Even “Designing for Crisis” will have some new aspects to it, as I discover ways to strengthen it and loop in some new thoughts and discoveries.  As an example, I just recently had a great chat with Amy Cueva, who gave me some really sharp insights into how I can share the message even more effectively.  I expect that kind of iterative improvement to continue throughout the year, given how new the topic is to me, and possibly to everyone.  It’s been something of a surprise to have many people tell me it’s caused them to see their own work in a whole new light—even people working in fields where you might think they would already be on top of this.  I’m really excited to bring this talk to people at AEA, and elsewhere as opportunities arise.  I hope it will do some good in the world.

In parallel with that ongoing effort, I’m getting back to writing more than just the occasional blog post.  I’ve restarted work on the fourth edition of CSS: The Definitive Guide—details on that will be forthcoming just after the holidays.  I’m also starting to write down some of the thoughts and approaches in “Designing for Crisis”, as well as some nascent thoughts on network effects, responsibility, community, and guidance.  I’m also trying to teach myself git so I can push out public repositories of my CSS tests and some bits of code I’d like to release into the wild, but honestly that’s pretty slow going, because it’s always a fifth or sixth priority behind my family, working on AEA, refining and rehearsing the new talk, and writing.

(“Bits of code”.  SEE WHAT I DID THERE?)

Given everything that’s coming together, I really am looking forward to 2015 and a return to speaking and writing.  For painfully obvious reasons, I was pretty out of the loop for nearly all of 2014, not to mention the last half of 2013.  I tried to stay up to date, but it’s one thing to be in the middle of things, and quite another to observe things from a distance.  (The mosh pit never looks like it feels, you know?)  So in addition to all the other stuff, I’m working overtime to catch up, and that’s where I could really use some help from the community.

So, tell me: what did I miss?  What’s emerging that I should be (or should already have been) paying attention to, and what am I already behind the curve on?  What has you excited, and what sounds so awesome that you’re hungering to know more about it?  And maybe most important of all, where should I be going to get caught up?

All input welcome, whether here in the comments, or out there on les médias sociaux.  And thank you!

Blue Beanie Day 2014

This past Sunday was Blue Beanie Day, the annual celebration of web standards that was established by Douglas Vos, taking as his inspiration the cover of Jeffrey Zeldman’s field-defining book, Designing With Web Standards.  This year’s was the eighth annual celebration, and to mark the occasion, I replaced my purple-infused Twitter and Facebook avatars to sport blue beanies.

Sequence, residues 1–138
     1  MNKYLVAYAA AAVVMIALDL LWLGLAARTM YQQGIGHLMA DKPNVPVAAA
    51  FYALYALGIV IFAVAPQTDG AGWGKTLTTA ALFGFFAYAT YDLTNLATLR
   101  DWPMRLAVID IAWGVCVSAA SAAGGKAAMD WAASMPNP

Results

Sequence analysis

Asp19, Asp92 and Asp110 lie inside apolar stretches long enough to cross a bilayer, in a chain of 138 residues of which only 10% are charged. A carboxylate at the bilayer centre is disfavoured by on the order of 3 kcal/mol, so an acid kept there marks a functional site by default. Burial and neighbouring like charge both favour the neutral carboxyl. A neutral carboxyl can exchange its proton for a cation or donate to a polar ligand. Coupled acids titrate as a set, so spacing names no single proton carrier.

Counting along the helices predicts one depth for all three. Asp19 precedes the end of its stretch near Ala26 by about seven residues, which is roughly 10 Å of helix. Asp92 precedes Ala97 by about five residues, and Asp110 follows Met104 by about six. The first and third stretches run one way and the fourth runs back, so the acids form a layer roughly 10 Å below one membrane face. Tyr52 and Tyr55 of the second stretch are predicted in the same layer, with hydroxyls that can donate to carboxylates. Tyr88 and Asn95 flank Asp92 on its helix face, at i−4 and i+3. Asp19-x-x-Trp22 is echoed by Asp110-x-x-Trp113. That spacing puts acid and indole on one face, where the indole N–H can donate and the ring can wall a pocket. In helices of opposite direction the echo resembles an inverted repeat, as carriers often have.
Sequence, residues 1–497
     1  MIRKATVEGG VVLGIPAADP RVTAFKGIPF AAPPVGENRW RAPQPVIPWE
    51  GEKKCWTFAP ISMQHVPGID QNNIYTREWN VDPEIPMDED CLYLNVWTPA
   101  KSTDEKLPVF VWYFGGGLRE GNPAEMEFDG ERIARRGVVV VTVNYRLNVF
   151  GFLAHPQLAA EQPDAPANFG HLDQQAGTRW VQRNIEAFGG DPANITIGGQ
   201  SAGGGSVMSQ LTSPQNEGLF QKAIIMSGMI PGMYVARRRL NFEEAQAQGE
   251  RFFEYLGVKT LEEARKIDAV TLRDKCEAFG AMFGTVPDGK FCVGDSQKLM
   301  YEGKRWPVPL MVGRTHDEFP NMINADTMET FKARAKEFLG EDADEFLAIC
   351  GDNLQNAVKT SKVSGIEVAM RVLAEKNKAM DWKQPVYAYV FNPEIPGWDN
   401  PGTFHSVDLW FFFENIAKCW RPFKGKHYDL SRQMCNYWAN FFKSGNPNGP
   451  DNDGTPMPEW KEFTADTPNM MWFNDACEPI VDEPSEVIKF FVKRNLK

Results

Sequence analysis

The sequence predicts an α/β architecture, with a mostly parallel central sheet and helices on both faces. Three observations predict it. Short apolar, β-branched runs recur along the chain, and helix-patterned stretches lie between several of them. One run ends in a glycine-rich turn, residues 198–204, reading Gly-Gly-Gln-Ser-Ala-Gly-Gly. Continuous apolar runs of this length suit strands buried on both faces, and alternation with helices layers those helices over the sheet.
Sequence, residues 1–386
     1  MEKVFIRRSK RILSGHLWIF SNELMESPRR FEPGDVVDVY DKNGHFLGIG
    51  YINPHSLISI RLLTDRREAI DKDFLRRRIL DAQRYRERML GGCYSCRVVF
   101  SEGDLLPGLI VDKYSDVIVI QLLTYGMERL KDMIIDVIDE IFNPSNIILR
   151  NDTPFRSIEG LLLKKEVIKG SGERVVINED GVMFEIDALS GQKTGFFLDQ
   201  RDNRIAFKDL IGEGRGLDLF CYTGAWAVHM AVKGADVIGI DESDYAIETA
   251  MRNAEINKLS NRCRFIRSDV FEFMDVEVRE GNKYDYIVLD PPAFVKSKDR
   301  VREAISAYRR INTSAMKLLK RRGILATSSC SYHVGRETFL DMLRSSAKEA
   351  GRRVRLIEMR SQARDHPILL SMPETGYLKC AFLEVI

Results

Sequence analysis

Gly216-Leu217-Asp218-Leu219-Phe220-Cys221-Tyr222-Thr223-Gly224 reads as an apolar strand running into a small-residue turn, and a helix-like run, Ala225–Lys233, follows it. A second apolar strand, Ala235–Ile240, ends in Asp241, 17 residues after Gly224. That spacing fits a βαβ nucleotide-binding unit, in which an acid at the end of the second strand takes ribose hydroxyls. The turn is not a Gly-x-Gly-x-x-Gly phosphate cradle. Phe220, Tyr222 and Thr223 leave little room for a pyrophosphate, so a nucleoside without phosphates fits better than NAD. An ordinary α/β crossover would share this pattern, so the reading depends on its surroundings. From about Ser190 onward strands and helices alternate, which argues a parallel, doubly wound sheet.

That’s how much web standards mean to me.

If you missed Blue Beanie Day—which, it being the Sunday of a major U.S. holiday weekend, many of you may well have—don’t let that stop you!  Drop a cerulean toque on your social-media avatars, make a quick status update about why, and wear your pride in your craft and your love of the web on your sleeve.  Head.  Whatever.

If you don’t have a beanie ready to hand, then here, feel free to use one of these.

image image image

Every day is web standards day, of course, but Blue Beanie Day comes but once a year.  It’s not too late to mark the occasion.  As Ethan says, toque ‘em if you got ‘em!

A New Chapter

Last Wednesday, I stood on the stage at An Event Apart for the first time in almost fifteen months, in front of an audience for the first time in just over a year, and delivered the most important talk of my life.  It wasn’t about CSS, or coding, or even standards.  It was about design and empathy and user experience and my own personal experience and what it taught me.  It was a talk about designing for users who are in the midst of crisis, no matter what kind of content you have, no matter whether you think your users will ever be in crisis when they come to your site.  It was the opening of a new chapter in my career.

To say this is a radical departure is an understatement.  But after the turns my life has taken, it was almost impossible that this would have been anything less.

I don’t know if the audience sensed my anxiety and fear in the moments before I spoke.  I wasn’t afraid of speaking in front of the audience, nor of their reaction to my points.  I was afraid of making my points badly, so that the message was lost in hesitation and stumbling.  I was afraid of fumbling and failing, not because of how I would look in public, but because it would mean doing a disservice to the message I was trying to convey.  And I was a little bit afraid of letting down the team at AEA, who have stood by me and done so much for me.